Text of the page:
This Time It Is Different (And the Fed Won’t be Ready…)

There’s an investment theory that pretty much trumps any theory by any legendary investment wizard whether it’s Benjamin Graham, Jesse Livermore or even Warren Buffett.

It’s known as the “greater fool theory.” 

It basically says that no asset is too overvalued if someone will pay you more than you paid for it. 

The theory comes with a mantra that, despite all the brilliant valuation models of those aforementioned gurus, says “This time it’s different.” 

It was the mantra that drove the tech market bubble to its 2000 implosion. 

It was the same idea behind the housing bubble in 2007.

But time and again, things ultimately proved that they weren’t different, and the greater fool theory prevailed. 

Truth is, the greater fool theory is something that Wall Street elites count on. When the Fed prints money, the 1% get the biggest bang for the devalued cash. Only by them pumping it into the market are the excesses — which attract the unfortunate individual victims investors — created. By the time “day traders” are climbing all over each other to jump on the next screaming hot technology company (or whatever the craze is) the end is already in the rear view mirror.

The Force Behind This Theory: The Federal Reserve

In July 1990, the US economy spun into an eight-month recession accompanied by year-long sideways bear market in stocks. In response to all this, because everything they do is in response, the Fed started pushing interest rates lower — from 9.5% to 2.7% in Dec of 1992.

Fed Funds Rate 1990-1992

Source: St. Louis Fed

By the time they had finished their easing cycle, the economy had escaped the recession and stocks (per the NASDAQ Composite) had rebounded, eclipsing previous highs by 39% (101% off the bear market low for anyone counting). Mission accomplished.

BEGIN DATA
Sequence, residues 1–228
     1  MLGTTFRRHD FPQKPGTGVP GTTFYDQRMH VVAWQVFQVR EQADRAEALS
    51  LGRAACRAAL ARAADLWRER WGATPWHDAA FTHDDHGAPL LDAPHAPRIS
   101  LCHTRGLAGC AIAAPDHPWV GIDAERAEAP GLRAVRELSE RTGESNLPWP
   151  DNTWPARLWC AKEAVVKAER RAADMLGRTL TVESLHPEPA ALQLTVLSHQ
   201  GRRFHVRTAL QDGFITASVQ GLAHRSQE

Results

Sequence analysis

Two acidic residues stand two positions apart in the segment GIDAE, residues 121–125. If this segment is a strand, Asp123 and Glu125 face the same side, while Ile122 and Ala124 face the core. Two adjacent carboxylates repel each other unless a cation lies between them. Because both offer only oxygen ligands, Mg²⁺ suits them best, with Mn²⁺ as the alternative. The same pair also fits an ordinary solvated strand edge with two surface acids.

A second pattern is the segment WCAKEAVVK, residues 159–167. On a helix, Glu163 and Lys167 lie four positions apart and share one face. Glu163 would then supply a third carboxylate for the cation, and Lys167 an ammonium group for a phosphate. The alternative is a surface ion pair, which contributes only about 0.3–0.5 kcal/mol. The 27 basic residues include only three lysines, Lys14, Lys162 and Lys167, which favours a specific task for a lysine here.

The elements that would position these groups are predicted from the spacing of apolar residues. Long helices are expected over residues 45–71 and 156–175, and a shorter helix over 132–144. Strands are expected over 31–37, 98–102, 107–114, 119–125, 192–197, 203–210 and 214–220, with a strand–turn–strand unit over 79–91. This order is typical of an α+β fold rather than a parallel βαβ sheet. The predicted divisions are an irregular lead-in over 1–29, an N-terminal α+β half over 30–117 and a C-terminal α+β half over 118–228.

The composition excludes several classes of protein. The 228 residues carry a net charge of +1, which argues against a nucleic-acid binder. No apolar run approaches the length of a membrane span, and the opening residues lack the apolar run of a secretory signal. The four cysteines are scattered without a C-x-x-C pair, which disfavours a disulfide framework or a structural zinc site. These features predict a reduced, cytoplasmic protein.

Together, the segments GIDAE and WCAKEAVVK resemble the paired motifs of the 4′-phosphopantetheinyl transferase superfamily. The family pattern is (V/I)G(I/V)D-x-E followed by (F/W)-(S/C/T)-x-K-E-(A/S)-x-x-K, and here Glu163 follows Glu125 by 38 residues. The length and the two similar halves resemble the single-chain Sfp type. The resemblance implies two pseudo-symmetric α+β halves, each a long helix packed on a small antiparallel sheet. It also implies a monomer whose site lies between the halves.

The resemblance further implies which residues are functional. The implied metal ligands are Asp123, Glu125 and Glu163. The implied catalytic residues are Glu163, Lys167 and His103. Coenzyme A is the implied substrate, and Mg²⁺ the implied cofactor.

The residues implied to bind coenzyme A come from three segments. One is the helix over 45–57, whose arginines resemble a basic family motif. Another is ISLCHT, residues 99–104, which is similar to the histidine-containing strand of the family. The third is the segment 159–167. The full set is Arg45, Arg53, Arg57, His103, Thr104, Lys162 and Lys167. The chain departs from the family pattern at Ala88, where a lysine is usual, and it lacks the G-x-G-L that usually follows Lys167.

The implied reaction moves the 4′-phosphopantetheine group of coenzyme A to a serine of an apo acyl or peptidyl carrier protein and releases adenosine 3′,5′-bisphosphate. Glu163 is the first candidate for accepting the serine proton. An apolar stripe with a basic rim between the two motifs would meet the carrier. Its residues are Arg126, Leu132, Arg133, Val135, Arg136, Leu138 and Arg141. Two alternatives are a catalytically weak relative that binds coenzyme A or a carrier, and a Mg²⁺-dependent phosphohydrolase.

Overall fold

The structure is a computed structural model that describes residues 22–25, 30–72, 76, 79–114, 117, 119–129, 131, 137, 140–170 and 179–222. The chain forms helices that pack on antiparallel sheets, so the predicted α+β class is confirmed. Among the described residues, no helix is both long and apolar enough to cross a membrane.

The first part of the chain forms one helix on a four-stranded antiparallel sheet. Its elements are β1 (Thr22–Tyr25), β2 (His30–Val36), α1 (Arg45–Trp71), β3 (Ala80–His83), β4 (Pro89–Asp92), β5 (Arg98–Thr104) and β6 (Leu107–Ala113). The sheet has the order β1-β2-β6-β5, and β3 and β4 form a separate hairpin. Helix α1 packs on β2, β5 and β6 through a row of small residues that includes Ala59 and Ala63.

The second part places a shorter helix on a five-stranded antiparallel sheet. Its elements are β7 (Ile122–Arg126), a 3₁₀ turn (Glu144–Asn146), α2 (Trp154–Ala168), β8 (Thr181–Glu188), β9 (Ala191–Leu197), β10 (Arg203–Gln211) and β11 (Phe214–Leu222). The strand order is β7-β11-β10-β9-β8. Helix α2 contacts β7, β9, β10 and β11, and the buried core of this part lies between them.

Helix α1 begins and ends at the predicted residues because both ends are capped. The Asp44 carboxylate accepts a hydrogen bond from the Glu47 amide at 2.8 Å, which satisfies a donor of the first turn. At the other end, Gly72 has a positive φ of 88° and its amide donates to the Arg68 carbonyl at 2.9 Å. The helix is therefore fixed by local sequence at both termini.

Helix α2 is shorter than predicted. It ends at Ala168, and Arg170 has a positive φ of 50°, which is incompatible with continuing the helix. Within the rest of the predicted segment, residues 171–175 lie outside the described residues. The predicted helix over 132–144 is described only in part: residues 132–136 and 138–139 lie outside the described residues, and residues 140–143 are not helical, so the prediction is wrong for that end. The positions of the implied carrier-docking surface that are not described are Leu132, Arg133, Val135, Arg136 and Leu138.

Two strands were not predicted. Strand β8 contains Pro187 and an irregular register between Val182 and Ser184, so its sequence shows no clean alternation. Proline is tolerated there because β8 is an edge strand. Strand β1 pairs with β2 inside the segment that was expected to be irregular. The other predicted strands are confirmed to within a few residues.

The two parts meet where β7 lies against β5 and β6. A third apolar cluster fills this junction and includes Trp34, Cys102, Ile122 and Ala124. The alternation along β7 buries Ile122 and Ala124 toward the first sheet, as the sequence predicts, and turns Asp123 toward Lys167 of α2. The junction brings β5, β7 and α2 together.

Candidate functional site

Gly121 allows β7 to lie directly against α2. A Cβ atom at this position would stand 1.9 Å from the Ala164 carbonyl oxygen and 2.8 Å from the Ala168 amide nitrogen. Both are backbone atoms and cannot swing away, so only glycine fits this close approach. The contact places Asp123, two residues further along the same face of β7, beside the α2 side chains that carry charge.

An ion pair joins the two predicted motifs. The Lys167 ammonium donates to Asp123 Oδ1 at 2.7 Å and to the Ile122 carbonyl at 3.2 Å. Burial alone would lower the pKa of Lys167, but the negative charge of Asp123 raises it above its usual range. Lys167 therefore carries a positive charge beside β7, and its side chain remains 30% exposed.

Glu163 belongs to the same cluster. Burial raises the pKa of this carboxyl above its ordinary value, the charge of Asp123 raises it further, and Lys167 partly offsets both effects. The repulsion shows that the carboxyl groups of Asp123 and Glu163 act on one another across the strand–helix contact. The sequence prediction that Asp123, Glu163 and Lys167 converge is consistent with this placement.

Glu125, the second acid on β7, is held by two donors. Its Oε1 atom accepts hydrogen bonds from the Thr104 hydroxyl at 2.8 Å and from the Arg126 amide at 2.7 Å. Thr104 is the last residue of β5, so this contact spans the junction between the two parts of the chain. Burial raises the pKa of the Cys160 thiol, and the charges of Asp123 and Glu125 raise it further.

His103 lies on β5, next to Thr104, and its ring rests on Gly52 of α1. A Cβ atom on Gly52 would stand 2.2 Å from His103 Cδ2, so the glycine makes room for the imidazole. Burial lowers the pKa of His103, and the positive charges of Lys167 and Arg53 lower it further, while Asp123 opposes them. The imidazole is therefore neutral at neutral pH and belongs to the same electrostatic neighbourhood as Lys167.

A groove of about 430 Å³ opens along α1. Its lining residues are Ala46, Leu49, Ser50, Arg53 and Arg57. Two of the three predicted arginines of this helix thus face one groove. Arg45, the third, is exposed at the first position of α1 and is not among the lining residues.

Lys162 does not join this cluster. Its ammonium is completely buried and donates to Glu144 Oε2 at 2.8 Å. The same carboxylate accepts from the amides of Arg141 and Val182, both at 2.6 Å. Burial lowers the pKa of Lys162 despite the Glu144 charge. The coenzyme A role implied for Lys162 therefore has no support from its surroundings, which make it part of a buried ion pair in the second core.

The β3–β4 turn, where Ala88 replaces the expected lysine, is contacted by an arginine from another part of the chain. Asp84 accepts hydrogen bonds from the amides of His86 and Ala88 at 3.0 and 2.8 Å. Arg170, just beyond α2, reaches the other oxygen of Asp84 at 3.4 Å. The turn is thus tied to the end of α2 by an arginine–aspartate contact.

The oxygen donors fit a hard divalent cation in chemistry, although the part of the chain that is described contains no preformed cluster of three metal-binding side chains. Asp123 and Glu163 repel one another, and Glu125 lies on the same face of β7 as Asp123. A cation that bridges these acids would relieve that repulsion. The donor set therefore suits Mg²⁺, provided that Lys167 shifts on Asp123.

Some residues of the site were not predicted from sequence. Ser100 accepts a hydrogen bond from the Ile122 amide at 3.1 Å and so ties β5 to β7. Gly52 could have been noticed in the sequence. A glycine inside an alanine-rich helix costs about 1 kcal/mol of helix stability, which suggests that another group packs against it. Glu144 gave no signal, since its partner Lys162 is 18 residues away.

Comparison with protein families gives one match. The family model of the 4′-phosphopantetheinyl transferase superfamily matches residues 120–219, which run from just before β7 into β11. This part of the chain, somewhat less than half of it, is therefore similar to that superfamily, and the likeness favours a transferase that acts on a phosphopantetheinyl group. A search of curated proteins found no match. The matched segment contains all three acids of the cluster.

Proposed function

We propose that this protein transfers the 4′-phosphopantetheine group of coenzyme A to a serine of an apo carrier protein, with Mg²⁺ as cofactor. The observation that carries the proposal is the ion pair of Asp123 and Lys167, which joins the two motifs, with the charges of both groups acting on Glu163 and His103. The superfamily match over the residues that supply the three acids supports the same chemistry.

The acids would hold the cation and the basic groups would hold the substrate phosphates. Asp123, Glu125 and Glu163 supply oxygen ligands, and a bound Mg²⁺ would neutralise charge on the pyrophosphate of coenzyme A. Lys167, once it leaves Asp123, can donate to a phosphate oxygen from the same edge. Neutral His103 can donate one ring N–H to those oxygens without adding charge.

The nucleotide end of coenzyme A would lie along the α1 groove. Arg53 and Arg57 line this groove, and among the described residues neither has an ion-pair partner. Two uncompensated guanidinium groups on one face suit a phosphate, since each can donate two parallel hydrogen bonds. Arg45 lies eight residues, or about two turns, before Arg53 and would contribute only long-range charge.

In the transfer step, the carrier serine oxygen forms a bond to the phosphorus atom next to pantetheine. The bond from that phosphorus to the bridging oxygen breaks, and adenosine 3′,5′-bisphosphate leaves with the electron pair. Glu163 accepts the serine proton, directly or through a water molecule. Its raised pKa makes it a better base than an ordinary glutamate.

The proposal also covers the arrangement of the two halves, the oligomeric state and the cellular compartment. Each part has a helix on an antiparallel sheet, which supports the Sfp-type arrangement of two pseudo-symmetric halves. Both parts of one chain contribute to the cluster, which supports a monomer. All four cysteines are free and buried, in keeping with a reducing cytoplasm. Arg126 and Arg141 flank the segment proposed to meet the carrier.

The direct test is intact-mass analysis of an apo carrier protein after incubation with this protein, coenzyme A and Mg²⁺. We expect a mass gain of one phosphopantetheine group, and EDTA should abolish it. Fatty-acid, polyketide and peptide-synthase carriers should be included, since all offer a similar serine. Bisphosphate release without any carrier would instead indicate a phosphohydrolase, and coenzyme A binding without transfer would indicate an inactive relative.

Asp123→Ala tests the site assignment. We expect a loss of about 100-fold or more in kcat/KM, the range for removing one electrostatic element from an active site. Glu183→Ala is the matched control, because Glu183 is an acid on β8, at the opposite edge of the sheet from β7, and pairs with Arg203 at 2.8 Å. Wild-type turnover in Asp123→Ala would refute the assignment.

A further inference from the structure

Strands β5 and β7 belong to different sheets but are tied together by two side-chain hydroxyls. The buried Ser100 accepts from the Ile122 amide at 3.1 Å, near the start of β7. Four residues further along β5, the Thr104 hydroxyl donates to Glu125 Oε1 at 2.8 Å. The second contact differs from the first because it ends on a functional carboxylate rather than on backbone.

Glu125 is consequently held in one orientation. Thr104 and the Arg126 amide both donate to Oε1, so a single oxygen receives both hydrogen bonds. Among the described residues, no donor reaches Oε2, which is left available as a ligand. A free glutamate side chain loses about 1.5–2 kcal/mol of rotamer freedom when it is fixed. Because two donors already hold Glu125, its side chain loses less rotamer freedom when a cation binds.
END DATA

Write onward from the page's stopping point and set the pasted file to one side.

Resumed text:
NASDAQ Composite


Over the ensuing decade, rates normalized averaging between 5% and 7.5%. Until the tech rally failed big time in late 2000. In response, the Fed again started pushing rates to their lowest levels since the 1960s until the market had sufficiently recovered.

Fed Funds Rate 2000-2004

Source: St. Louis Fed

Since then this has been the Fed’s modus operandi — keep feeding asset inflation with cheap capital. If the stock market looks good, everyone looks good! The only time the Fed would actually need to raise rates would be to cool a slightly overheated economy or deal with monetary inflation barely out of the Fed’s target range.

And for the past 30-plus years, that’s how things have worked. 

But This Time It Is Different

Make a note in your journal… This is the first time since the late 70s (over 40 years) that the Fed is facing a different challenge. This time they have to raise rates in response to actual inflation.

And not just inflation — a bout of secular inflation. 

As we’ve talked about in your past couple letters, the inflation we’re seeing today has little to do with “too much easy money in the system.”

This rout bout of inflation was sparked by a supply shock caused by the supply chain disruption brought about by the pandemic lockdowns. And then of course all the other forces driving prices higher on top of that. 

Because of all that, this time the Fed is going to be pretty much screwed when it comes to dealing with soaring prices.

And not being able to deflate prices, the only real option they’ll have will be to squeeze demand…  by sinking the US economy into a recession.

But there is a possibility for the US to come out of all this in relatively good shape. And it contains a series of steps worth watching… 

I’ll share that with you in your coming letters

Make the trend your friend…

Bob Byrne 
Editor, Streetlight Daily